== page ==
Battle Mountain High School in Edwards presents classic musical ‘Anything Goes’
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What: “Anything Goes,” Battle Mountain High School’s spring musical.
Where: Battle Mountain High School auditorium, Edwards.
When: 7 p.m., Thursday through Saturday.
Cost: $13 adults, $9 students
More information: Tickets are available at the door.
Billy Crocker - Jasper Stone
Reno Sweeney - Rachel Ledon
Elisha Whitney - Jack Wickum
Erma - Rachel Weiss
Moonface Martin - Garvin VanDernoot
Hope Harcourt- Kara Greve
Lord Evelyn Oakleigh - Blake Petersen
Mrs. Harcourt - Lindsay Poff
EDWARDS — Cole Porter’s “Anything Goes” is a great choice for Battle Mountain High School’s spring musical, because almost anything does.
The play runs through Saturday in Battle Mountain’s auditorium. The students started rehearsals the second week in January.
Sheresa Wilbanks, the show’s musical director, picked the Cole Porter classic for her department’s spring production. The stars aligned and dancer and choreographer Meredith Steinke was home from college and available to help. The “why” of that is both tragic and triumphant.
Steinke has been a dancer since she was a tot and graduated Battle Mountain High School a year ago. She was studying dance at the Chicago College of Performing Arts, and two weeks into her first semester she blew her ACL during a dance rehearsal. School was over for her for the year, so she headed home to the valley to let the healing begin.
She spent absolutely no time in a dark room feeling sorry for herself or anyone else. She jumped into choreographing local productions, and while she’s a dancer to her very marrow, choreography could be her career path.
“That’s my career goal,” she said. “And this is a chance to give back to Battle Mountain, which gave me so much.”
Wilbanks and Steinke worked out the music and blocking — figuring out where and how actors move. Then they added singing and dancing. They started dress rehearsals this week.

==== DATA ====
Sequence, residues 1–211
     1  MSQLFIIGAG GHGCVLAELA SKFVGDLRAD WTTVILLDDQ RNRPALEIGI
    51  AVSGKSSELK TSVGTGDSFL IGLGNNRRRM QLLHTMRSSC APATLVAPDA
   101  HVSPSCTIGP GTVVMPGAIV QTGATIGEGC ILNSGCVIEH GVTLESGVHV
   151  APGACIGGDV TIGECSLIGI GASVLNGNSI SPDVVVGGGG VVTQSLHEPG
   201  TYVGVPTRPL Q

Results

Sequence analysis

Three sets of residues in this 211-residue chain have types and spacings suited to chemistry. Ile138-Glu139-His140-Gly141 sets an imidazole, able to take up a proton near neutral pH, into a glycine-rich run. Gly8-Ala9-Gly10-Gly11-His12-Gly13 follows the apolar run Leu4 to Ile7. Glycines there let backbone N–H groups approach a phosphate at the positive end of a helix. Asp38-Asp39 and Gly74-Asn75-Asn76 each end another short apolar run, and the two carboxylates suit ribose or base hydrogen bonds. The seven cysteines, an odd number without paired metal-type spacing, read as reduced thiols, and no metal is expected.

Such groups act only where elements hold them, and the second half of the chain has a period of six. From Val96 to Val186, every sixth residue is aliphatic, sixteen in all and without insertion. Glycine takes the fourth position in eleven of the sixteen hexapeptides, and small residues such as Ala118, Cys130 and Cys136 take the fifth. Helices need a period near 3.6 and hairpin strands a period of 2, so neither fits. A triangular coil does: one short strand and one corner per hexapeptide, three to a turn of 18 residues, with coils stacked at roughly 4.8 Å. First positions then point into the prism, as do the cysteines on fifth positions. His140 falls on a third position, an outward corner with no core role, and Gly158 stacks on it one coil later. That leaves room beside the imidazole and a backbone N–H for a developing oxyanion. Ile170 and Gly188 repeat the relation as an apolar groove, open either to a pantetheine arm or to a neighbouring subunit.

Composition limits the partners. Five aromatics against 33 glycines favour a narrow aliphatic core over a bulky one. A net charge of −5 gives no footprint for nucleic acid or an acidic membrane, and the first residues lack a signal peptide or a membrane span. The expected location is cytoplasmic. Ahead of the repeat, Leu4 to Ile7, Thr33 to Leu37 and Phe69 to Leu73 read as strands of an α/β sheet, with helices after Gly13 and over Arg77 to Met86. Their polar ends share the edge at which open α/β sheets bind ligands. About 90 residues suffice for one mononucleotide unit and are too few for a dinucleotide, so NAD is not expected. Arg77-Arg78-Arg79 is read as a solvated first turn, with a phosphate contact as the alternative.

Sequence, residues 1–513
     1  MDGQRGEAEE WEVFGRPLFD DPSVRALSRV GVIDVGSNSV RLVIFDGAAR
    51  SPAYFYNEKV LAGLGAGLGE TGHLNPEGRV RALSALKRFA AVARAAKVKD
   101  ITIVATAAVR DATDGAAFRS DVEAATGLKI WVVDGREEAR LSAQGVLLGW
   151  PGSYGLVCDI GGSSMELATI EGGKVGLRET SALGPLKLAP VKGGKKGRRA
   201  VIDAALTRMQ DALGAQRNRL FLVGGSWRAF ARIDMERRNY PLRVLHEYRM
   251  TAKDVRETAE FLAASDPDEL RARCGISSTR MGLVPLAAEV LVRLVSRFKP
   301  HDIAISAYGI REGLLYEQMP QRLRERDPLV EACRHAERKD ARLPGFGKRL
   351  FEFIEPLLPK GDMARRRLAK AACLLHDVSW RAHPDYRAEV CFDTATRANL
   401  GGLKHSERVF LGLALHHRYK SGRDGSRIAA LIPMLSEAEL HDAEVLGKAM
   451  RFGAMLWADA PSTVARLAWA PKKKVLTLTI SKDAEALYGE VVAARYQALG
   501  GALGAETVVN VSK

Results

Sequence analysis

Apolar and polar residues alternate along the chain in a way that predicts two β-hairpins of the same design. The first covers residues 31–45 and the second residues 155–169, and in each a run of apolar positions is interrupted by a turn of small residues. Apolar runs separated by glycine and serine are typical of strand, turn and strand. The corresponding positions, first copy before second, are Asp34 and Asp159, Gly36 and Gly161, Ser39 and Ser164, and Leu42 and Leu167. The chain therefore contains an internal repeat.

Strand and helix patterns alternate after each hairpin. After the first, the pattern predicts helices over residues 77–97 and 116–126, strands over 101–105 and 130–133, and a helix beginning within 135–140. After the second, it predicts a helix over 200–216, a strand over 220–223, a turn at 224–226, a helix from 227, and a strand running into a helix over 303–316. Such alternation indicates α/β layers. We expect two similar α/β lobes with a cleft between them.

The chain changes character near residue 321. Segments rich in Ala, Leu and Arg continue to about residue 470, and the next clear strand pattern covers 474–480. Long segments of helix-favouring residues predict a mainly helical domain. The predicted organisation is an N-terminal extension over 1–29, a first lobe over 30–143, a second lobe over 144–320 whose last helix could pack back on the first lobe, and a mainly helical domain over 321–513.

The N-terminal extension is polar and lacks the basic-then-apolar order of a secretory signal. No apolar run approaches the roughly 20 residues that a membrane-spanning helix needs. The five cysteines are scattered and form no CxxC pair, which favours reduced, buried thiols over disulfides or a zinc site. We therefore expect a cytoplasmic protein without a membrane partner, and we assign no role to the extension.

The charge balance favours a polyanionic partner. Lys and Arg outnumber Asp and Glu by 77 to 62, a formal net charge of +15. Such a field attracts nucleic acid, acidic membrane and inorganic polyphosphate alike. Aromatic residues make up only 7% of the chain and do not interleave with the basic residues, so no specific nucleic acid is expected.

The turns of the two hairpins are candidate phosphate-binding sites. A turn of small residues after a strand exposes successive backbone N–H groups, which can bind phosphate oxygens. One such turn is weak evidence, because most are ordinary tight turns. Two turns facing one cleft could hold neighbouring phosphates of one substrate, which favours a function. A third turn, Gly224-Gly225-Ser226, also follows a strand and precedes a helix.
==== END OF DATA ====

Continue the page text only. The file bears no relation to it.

Steinke was a Battle Mountain senior when she choreographed “Footloose,” and she did it brilliantly, we might add.
Cole Porter and the other writers composed four-part harmonies, but anything worth doing is worth doing in a big way, so Wilbanks and Steinke worked out six- and eight-part harmonies.
It’s complicated and time consuming, but worth it.
“Most things in life are like that,” Steinke said.
And Steinke taught the cast to dance.
“We started with some tap lessons and in a couple weeks, everyone was dancing. I’m so proud of them,” she said.
Jasper Stone plays the lead character and hits Billy Crocker out of the park.
Stone started down this road as a sophomore, singing in the choir and performing in the theater department’s productions. He played the drunk choir director in “Our Town” and was the lead in “Every 17 Minutes the Crowd Goes Wild.”
Now he’s the lead in this spring musical.
“It has been a lot of work, but everyone is focused. We’ll be ready for opening night,” Stone said.
ABOUT ‘ANYTHING GOES’
“Anything Goes” is one of Porter’s seminal works. It’s a 1930 musical and it’s hilarious.
“This performance is an excellent example of classic musical theater, complete with amazing tap numbers, entertaining comedy and a brilliant score by Cole Porter,” Steinke said.
Stone plays Bill Crocker, a classically clueless American guy, hopelessly in love with Hope Harcourt (Kara Greve).
Crocker/Stone says amusing clueless guy stuff like, “I’m in love with a girl. She’s so fantastic she won’t even talk to me.”
His friend and cohort, nightclub singer Reno Sweeney (Rachel Ledon) observes, “Why are the cute ones always so dumb?”
The story follows the madcap antics aboard an ocean liner bound from New York to London. Crocker blows off his job as a stockbroker on Wall Street to stow away so he can pursue Harcourt, who is engaged to Lord Evelyn Oakleigh (Blake Petersen). Sweeney and Public Enemy No. 13, Moonface Martin (Garvin VanDernoot), aid Crocker in his quest to win the girl.
The musical introduced songs such as “Anything Goes,” “You’re the Top,” and “I Get a Kick Out of You.” Wilbanks and her orchestra play them brilliantly.
The set is a spectacular two-story ocean liner, built under the loving and watchful eye of technical director Kaylee Brennand.
The original play was a collaborative effort by Guy Bolton and P.G. Wodehouse, heavily revised by the team of Howard Lindsay and Russel Crouse.
Since its 1934 debut at the Alvin Theatre (now known as the Neil Simon Theatre) on Broadway, the musical has been revived several times in the United States and Britain and has been filmed twice. The musical has long been a popular choice for community and high school productions.
Like Battle Mountain’s, which you’ll see for yourself when you see it.
Staff Writer Randy Wyrick can be reached at 970-748-2935 and firstname.lastname@example.org.
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